Chocolate Rolo Cookies

Mum let us (M&L) use the kitchen again. We are going to make chocolate Rolo cookies.

Here’s what we need …

8 oz butter
8 oz caster sugar
2 egg yokes
2 tablespoons milk
9 oz plain flour
1 oz coco powder
3 packets of Rolos (which gives you some left over … to test, just to make sure they’re okay)

We weighed the butter to the right amount and put it in a big mixing bowl with caster sugar.

Now we needed to cream the butter and sugar till light and fluffy.We started it slowly and got  faster.

Then we separated the egg yoke from the egg whites  and put the yokes into a bowl.

We beat up the egg yokes a little bit with a fork.

L checked the recipe and we added the milk to the eggs yokes. Then we put them in the big mixing bowl and beat them all up together with the sugar and butter.

Then we sieved the flour and coco powder into the big mixing bowl. We did it without getting too messy.

We mixed everything together and scraped the sides of the bowl down. It turned into a sticky dough.

We used our hands to get the dough into round balls and placed them on the trays. We had to space them out.

Our hands got quite messy. It was so tempting to lick them but we didn’t.

Then we placed the rolos on top. Some of them we pushed down too far and they made a hole in the cookie and we said that we wouldn’t do that again.

We had to keep on looking at the recipe to see what to do. The recipe told us to put the cookies in the oven for 12 minutes (at 180 degrees C).

In the oven they spread out lots and stuck together. We cooled them for 5 minutes on the baking trays and then used a spatula to put them onto wire racks.

L says, “Welcome to Cookieworld!”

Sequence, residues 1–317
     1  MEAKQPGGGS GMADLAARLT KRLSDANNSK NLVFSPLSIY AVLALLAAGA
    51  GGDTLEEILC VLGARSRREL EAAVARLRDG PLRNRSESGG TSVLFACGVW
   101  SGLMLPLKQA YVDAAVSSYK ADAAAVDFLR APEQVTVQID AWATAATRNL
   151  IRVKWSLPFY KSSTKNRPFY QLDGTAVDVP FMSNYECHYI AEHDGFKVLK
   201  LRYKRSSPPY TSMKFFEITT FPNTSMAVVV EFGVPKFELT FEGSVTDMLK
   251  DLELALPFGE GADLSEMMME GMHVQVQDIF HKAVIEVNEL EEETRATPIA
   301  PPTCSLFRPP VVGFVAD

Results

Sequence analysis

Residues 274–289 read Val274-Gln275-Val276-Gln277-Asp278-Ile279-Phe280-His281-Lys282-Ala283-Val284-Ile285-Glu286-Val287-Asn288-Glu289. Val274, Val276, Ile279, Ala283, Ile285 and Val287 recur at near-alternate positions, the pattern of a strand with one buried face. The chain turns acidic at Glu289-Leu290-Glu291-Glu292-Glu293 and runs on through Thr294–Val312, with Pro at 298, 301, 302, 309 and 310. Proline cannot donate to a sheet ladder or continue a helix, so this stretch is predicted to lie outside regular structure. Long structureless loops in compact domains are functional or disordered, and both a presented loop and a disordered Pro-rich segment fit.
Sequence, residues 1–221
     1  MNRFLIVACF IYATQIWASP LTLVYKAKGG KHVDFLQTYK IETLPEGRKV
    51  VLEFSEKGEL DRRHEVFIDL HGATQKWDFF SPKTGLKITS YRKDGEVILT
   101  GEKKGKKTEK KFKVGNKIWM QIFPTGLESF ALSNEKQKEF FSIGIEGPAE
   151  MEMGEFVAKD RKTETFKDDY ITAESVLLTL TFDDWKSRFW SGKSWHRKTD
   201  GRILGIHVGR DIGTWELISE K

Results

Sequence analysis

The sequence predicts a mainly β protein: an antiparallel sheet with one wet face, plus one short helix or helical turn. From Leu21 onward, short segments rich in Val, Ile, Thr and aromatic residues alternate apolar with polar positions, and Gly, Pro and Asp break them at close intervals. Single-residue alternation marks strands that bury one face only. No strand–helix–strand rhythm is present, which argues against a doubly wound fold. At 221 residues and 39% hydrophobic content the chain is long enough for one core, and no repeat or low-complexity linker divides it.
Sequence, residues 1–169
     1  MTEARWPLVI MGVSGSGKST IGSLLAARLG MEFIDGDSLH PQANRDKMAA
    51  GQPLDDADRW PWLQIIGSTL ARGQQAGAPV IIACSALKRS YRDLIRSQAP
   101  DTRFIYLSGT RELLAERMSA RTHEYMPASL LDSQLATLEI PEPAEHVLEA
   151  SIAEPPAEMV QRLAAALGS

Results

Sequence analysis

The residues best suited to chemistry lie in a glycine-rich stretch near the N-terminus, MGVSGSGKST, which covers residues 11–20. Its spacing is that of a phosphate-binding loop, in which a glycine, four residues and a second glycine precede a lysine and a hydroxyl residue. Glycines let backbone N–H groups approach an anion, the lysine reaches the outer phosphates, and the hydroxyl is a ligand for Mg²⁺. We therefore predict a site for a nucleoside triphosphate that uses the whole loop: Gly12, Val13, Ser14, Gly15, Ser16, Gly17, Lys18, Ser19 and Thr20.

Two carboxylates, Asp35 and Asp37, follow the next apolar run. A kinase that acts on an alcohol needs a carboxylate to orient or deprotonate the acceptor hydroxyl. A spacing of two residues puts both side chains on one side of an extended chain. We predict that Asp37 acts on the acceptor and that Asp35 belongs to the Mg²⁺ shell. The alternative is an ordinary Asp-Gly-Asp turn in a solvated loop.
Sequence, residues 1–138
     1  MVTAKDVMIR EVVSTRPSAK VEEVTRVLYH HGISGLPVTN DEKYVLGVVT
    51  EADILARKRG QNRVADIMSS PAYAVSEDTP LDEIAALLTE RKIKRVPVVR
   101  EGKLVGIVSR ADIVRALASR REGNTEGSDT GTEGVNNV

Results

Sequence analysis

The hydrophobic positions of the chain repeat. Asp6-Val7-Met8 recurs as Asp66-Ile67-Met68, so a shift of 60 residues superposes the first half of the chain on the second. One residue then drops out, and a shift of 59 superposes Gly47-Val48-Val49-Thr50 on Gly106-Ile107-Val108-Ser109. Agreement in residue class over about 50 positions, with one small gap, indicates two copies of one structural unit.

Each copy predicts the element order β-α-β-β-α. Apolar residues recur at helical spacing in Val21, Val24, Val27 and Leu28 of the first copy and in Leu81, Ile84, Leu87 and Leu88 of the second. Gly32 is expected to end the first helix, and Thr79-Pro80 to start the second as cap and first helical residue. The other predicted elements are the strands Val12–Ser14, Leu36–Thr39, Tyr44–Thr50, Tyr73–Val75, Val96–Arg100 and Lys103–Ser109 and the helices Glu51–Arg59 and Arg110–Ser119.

M says, “You can tell which ones are mine – they’re the ones that are all crumbled up!”

Raspberry Crumb Bars

When M was little and I used to collect her from Preschool at lunchtimes, I could only ever find out how she’d spent her morning by a process of elimination.

Me: Did you have a good morning?

M: Yes.

Me: What did you do?

M: I didn’t do the cylinders (she went to a Montessori Preschool)

Me: So … what did you do?

M: I didn’t do any painting.

Me: And instead you did …?

M: I didn’t polish the mirror.

And in that way, I’d eventually discover that she had had a thoroughly enjoyable morning absorbed in weeding the garden, climbing the apple tree and pegging out woollen socks to dry on the clothes line.

L has a similar habit. As part of her recent science project for school, she decided to label a picture of a capybara to show “their adaptations to an aquatic lifestyle” (a phrase that featured often in the course of working on this project). After highlighting their webbed feet, highly-placed eyes, ears and nostrils, and water-resistant fur, she took great pleasure in adding a label to show ‘no tail’. I’m not convinced this lack has anything to do with an aquatic lifestyle, but she found the idea of labelling something that wasn’t there particularly amusing.

I think there are similarities here somewhere to Lacan’s theory that la femme n’existe pas, but it would be a bit of a conversation killer if I go any further along that line of thinking …

Anyway, if you ask M what she’ll be wearing to school next term, she’ll probably tell you, “Not a yellow jumper.” Which will be true. It’s the end of term and the end of key stage 1 for M. In September, she will be growed up enough to wear blue instead of yellow – only you’ll have to find that bit out by a process of elimination.

It being the end of term, I baked a couple of trays of raspberry crumb bars for my children to take into school for their teachers. There very nearly weren’t any of these left after L and I ‘sampled’ them last night. It was just to make sure we weren’t going to poison the staff – honest! Scientific measures of quality control.

At least, that’s the line we’re sticking to. We didn’t eat three slices each straight from the oven, we didn’t burn our tongues on hot, gooey jam and Captain Blackadder definitely did not shoot the delicious plump breasted pigeon, sir.

Raspberry Crumb Bars (adapted from a recipe by Joanne Chang)

12 oz unsalted butter
3 1/2 oz caster sugar
3 tbsp icing sugar
2 egg yolks
1 tsp vanilla extract
6 oz plain flour
6 1/4 oz cake flour